Imagine yourself driving in the country in a convertible, watching the grassy fields roll by, feeling the wind in your face. Much of what you’re experiencing—including the ability to grasp the steering wheel and hear the music on the radio—is due to the actions and interactions of microscopic protein molecules in your nerves, your muscles, your eyes and ears.

Now imagine the interior of your body: the antibodies (also proteins) that fight infection, the complex symphony of protein messages that tell your tissues to grow or not to grow, the signals transmitted by proteins across synaptic junctions in your brain that enable you to think.

Imagine if something goes wrong with some of your proteins, and your body’s immune system mistakes your own tissues for bacterial invaders, or because of poorly translated instructions some cells begin to grow out of control, or the signaling across the synapse is disrupted. You may develop an illness like multiple sclerosis or cancer or depression.

Just as the development of the microscope in the 17th Century enabled people to see what was previously un-seeable, today we’re going through a similar perceptual revolution. Our modern medicine currently can address only the symptoms or consequences of many illnesses, ranging from dementia to diabetes. But now, through advances in genomics and computer science, we are beginning to appreciate the pervasive role that proteins play in maintaining health or causing disease.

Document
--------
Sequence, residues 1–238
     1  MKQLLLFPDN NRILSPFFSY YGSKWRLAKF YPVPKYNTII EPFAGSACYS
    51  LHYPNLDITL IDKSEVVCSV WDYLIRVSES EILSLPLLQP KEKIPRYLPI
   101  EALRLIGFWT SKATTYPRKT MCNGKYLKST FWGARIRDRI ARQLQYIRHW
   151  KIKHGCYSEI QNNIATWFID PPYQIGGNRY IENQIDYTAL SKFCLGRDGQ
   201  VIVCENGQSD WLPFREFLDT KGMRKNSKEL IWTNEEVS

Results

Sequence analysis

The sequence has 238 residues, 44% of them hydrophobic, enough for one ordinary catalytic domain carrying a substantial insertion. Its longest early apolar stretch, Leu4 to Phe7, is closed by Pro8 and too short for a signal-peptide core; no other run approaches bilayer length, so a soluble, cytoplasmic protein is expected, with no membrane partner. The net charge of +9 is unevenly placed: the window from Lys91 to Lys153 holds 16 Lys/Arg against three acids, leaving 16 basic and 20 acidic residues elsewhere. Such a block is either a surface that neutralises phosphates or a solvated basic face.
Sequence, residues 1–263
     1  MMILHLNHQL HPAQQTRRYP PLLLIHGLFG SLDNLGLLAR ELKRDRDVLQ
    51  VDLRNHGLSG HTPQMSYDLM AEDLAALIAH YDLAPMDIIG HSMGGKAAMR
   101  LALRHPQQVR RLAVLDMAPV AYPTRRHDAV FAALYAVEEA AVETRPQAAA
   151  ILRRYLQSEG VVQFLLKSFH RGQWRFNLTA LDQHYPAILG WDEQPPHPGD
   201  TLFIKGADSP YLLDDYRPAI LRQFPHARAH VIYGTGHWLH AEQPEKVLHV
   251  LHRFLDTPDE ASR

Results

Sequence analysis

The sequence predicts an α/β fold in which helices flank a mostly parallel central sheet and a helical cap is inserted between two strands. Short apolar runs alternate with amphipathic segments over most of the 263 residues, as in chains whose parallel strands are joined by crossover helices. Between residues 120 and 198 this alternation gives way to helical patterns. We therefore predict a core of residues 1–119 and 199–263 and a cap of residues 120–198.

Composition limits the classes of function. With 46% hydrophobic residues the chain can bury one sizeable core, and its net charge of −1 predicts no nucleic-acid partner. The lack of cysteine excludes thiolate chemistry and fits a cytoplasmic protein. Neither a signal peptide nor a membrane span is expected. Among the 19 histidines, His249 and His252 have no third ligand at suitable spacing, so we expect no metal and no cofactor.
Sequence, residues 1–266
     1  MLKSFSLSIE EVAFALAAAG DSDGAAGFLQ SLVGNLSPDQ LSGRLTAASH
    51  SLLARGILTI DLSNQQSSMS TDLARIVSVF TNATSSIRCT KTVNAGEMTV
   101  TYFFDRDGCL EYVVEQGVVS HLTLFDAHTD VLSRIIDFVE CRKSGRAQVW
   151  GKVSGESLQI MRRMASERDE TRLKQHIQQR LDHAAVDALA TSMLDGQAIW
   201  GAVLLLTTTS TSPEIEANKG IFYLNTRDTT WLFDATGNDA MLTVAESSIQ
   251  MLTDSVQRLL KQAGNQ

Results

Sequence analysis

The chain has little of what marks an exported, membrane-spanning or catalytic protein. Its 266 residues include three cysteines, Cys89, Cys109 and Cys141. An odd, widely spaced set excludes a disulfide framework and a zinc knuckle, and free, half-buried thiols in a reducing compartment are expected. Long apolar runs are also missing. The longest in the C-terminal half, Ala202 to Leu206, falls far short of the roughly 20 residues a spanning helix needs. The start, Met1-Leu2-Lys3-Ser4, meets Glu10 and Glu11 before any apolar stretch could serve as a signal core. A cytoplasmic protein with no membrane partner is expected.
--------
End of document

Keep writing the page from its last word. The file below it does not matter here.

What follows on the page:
Thanks to technologies like mass spectrometry, protein “chips” and bioinformatics, we are now able to examine nature through a new lens, one that may enable us for the first time to understand the root causes of many diseases, to stop them more successfully than we ever have before, and ultimately to prevent them from occurring in the first place.

This lens is not the private property of doctors or scientists. It is available to all who would look through it.

That is why we at Vanderbilt University Medical Center have produced a new publication accessible to the general public. In this and future issues, we will examine the frontiers of biological science and medical research, and how the new knowledge gained from these inquiries may affect our lives.

It is appropriate that the magazine’s inaugural issue should focus on proteomics, for the science of proteins—many experts believe—will be one of the most important fields influencing 21st Century medicine. Richard Caprioli, director of the Mass Spectrometry Research Center at Vanderbilt and a member of this magazine’s editorial board, puts it this way: “We’re on the threshold of the journey to cure disease.”

As we marvel at the advances that are coming our way, we should not forget the scientists of centuries past who first opened up new worlds of wonder beyond the reach of our eyes. “If I have seen further,” said Sir Isaac Newton, “it is by standing on the shoulders of giants.”